If there is a “voice” of ED Publications, it’s Caroline Ashe. Hers is the voice that people often hear when calling the ED offices. She is the one many of our EXPO attendees speak to when registering for our annual convention. And if we’ve ever placed you on hold? Yep, that’s her voice, too.
But of course, Caroline is more than a “voice.” She is the wearer of many hats (and many hair styles!) here at ED Publications. She helps manage the sales department. She handles Expo registrations. She manages our business and club databases. She gives our sales guy Kristofer Kay a knock around the head when he needs one. She’s an ED Publications die-hard, and we certainly appreciate her!
We wanted our readers to “get to know” a bit more about Caroline, and in conjunction with Bob Chiappardi of StripJointsMusic, she has her own customized Spotify playlist (Please note: Neil Diamond’s “Sweet Caroline” most certainly will NOT be on this list, nor should you sing the aforementioned song when calling the ED office—fair warning).
ED Publications: How long have you worked at ED Publications? How would you describe your job, in terms of your responsibilities on a daily basis?
CAROLINE ASHE: I’m an ED repeat offender. I originally started here at the beginning of 2012 and worked through Expo 2013. After Expo I took a couple of years off from the office (never missed an Expo though!) to work as the head veterinary technician at a full service and surgical clinic for horses while I applied for veterinary school. I was unable to get into vet school and as much as I loved saving the lives of horses, the hours were brutal. My original position of database manager opened up at ED right as I was ready to leave the clinic. It was fate! It was a sign! I’ve been back since October 2015 with no plans of leaving.
ED: What is your favorite part of working at ED? How would you describe the “office environment” at ED? What’s something about the ED office that might surprise people who have never been here or worked here?
CA: My favorite part of working at ED is being able to work with friends who have become family. We are a highly dysfunctional family, but we really DO put the “fun” in “dysfunction.” Our quirkiness lends to an office environment that is full of laughter. I’m sure laughter won’t surprise anyone, but I bet our efforts for Expo would. When we reach our Expo countdown, this office comes together to work like a high-performance machine.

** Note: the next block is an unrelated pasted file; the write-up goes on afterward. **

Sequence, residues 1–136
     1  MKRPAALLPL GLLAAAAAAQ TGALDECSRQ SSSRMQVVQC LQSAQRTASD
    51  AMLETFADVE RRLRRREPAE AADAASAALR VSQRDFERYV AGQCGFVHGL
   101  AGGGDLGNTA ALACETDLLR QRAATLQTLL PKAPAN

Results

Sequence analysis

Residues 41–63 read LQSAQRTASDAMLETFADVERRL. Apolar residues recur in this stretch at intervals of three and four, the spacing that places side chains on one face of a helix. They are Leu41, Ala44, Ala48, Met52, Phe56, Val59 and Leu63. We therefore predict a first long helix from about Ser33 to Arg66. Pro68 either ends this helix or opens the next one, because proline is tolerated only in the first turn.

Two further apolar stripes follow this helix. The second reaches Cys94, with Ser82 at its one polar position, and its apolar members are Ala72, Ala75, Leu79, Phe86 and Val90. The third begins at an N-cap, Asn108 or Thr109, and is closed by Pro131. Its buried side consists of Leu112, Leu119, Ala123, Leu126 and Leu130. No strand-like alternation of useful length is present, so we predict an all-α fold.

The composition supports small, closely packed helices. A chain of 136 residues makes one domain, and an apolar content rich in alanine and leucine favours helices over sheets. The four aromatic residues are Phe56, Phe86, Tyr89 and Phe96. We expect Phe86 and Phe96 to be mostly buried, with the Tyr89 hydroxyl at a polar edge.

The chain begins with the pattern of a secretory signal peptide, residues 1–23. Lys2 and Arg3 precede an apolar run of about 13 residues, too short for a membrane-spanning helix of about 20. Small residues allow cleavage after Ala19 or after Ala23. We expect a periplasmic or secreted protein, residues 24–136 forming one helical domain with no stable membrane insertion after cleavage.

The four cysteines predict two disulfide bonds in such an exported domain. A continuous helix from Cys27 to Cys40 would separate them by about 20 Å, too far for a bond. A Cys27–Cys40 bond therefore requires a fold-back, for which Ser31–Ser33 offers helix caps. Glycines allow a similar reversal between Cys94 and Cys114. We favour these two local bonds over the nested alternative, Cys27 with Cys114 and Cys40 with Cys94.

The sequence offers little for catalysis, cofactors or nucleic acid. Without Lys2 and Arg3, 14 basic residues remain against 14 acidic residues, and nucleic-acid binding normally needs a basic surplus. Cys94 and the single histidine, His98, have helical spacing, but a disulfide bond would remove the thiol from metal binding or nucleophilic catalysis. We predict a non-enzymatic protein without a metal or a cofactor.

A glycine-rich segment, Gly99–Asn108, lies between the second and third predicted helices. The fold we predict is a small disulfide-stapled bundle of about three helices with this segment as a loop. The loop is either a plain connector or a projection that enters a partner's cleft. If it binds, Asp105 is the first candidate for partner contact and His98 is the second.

ED: When was your first Expo? How would you describe that first Expo experience, compared to the most recent Expo (you’re an Expo veteran now!)?
CA: I was deer-in-the-headlights terrified at my first Expo! I needed to feel it out once, which I did while trying to blend in with my surroundings. Now that I know what to expect, Expo is an event that I look forward to all year. This most recent Expo was smooth sailing except for a randomly abraded cornea. I honestly felt like I could have run registration in my sleep this year. Not that anyone ever sleeps at Expo…
ED: You are obviously an animal enthusiast. Talk about the animals that you have (horses, dogs, cats, etc) and how important they are to you. At what age did you realize that animals/pets would be such a big part of your life?
CA: I honestly cannot remember a time when animals were not a huge part of my life. I’ve had cats sleeping with me since my mother brought me home from the hospital with dogs, horses and cows (yes, cows) coming as pets shortly after I could walk. In the past I have had the joy of working with working dogs—herding, IPO (the bite-y ones), and now disaster search-and-rescue. I’ve also shown and trained horses as a professional dressage rider. I’ve worked in both small and large animal clinics, which has solidified my love for anesthesiology. If it’s fuzzy, feathered, scaled, whatever, I love them all. My current merry band of rabble-rousers are: Nee, the horse; Hecate and Amarra, the tarantulas; Octavia, Ragnar, El Bad and Dick Supreme, the cats; Indi, Jezebel, Juno, Willow, Thalia and Faust, the dogs.
Outside of work (and sometimes at work) my life revolves around animals. I wouldn’t have it any other way. I am often up at 5 am to visit Nee for a ride before work. When I get home and on weekends Faust and I train to find people who are alive but trapped after natural or man-made disasters. I intend to keep this routine going for years to come.
ED: You’re also a big music fan. What are your all-time favorite bands, and what bands had the biggest influence on you growing up?
CA: Growing up I listened to mainly classical music unless my oldest brother put on something like Bob Dylan, Iron Maiden or Tracy Chapman (yes, my whole family is as eclectic as I am). I did have a serious thing for Michael Jackson growing up. I cannot count how many times I watched the “making of Thriller” video. I’d say the most influential band in my life is Queen. I didn’t find punk, industrial and metal until I moved to Florida at age 16. Once I discovered those three genres, I found my tastes in music. Choosing favorites is tough, but I’d say for punk it’s Oxymoron, industrial it’s And One, and metal it’s Watain.
ED: If you could see a concert by any musician or band, alive or dead, who would it be and why?
CA: Queen with Freddie Mercury. I just need to experience that.
More about Caroline!
Where do you hail from: Florence, Alabama
Current Position: Database manager and sales coordinator
Years employed at ED Publications: 5 years in the office, Expo for 7 years
Favorite recording artist: Queen
Industry hero/favorite industry personality: Joe Redner
Favorite feature entertainers: All of them!
Favorite part of your work day: When Kris and I fist bump to a job well done
Pet working peeve: “We’re having an Expo, a tropical Expo…” (the song ED Publisher Don Waitt sings incessantly for the months leading up to the next Expo)